American workers are quitting their jobs at the highest rate since 2001.
The most recent Job Openings and Labor Turnover Survey (JOLTS) from the Bureau of Labor Statistics (BLS) reports that from June to July, the number of unfilled jobs rose by 117,000, to 6.94 million, confirming the tightness of the current labor market.
At the same time, however, the number of workers voluntarily leaving their jobs rose to 3.58 million — that's 2.4 percent of the entire U.S. workforce. Bloomberg reports that the last time this many workers quit their jobs was 2001.
These 3.58 million workers are likely making a smart move, says Andrew Chamberlain, chief economist at job site Glassdoor. "We're seeing high worker confidence in their ability to strike out and find a better job opportunity elsewhere," says Chamberlain. "For many, it's a smart move, as there's a clear advantage to increasing your earning potential by switching jobs."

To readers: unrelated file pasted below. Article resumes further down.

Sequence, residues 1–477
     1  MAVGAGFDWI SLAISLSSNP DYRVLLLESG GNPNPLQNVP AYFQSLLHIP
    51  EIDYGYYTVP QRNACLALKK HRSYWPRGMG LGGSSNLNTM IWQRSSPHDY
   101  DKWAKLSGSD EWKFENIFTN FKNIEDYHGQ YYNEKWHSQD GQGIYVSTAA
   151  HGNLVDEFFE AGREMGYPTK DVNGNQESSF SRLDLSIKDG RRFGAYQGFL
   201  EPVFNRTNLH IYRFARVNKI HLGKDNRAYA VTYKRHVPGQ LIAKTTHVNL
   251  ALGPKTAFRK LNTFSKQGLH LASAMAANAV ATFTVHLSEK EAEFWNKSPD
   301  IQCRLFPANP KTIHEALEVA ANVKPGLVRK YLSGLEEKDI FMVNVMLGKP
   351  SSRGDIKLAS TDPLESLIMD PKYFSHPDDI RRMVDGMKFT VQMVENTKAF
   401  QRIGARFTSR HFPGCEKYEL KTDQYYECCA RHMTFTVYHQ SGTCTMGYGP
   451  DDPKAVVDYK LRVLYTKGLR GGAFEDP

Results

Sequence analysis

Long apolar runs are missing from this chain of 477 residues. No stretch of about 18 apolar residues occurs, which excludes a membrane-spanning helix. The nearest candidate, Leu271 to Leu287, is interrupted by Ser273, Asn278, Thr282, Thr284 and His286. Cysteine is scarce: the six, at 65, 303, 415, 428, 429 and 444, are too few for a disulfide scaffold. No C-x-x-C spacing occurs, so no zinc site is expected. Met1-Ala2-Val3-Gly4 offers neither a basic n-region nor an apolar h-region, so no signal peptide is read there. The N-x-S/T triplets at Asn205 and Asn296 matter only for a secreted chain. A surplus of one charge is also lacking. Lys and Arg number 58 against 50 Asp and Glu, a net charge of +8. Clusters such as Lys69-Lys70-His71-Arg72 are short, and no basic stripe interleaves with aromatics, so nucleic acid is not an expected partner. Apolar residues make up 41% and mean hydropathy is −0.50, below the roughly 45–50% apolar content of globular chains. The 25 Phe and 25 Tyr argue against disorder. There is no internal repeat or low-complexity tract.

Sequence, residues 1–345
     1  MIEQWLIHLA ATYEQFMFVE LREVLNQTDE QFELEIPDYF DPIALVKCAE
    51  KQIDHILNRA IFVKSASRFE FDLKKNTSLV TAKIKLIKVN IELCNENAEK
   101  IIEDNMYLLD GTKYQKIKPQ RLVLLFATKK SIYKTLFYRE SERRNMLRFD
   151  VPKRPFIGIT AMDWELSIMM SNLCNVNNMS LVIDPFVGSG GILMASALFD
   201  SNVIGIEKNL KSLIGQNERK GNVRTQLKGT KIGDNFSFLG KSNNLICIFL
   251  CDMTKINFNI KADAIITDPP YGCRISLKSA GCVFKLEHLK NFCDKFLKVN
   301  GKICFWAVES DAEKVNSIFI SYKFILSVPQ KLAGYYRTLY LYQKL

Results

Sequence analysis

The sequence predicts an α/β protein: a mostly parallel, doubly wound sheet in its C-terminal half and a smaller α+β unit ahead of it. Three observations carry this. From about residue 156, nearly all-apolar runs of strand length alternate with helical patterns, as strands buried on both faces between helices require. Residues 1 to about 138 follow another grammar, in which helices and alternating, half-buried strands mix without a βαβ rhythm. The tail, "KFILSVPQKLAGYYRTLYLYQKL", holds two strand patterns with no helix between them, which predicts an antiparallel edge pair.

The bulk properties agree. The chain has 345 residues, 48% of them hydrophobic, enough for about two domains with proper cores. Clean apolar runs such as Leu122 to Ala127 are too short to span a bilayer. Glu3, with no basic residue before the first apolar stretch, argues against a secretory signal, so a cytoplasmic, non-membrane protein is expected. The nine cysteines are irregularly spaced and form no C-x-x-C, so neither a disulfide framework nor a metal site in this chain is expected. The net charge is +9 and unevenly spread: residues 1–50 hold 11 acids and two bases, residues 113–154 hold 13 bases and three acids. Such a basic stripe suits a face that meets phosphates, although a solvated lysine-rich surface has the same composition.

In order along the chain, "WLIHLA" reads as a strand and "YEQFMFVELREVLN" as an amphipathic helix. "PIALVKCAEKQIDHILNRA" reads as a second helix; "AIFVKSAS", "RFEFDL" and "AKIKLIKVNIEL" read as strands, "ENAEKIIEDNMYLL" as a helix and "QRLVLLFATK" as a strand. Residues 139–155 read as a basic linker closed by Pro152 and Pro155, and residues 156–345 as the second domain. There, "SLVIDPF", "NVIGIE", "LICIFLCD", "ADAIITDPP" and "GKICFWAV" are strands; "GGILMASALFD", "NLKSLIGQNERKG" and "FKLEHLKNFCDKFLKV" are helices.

According to Brian Kropp, vice president at research firm Gartner, the average increase in compensation for a worker who quits their old job for a new one is about 15 percent. "You're never going to get that 15 percent [increase] by staying at your current job," he tells CNBC Make It. "That's just not going to happen."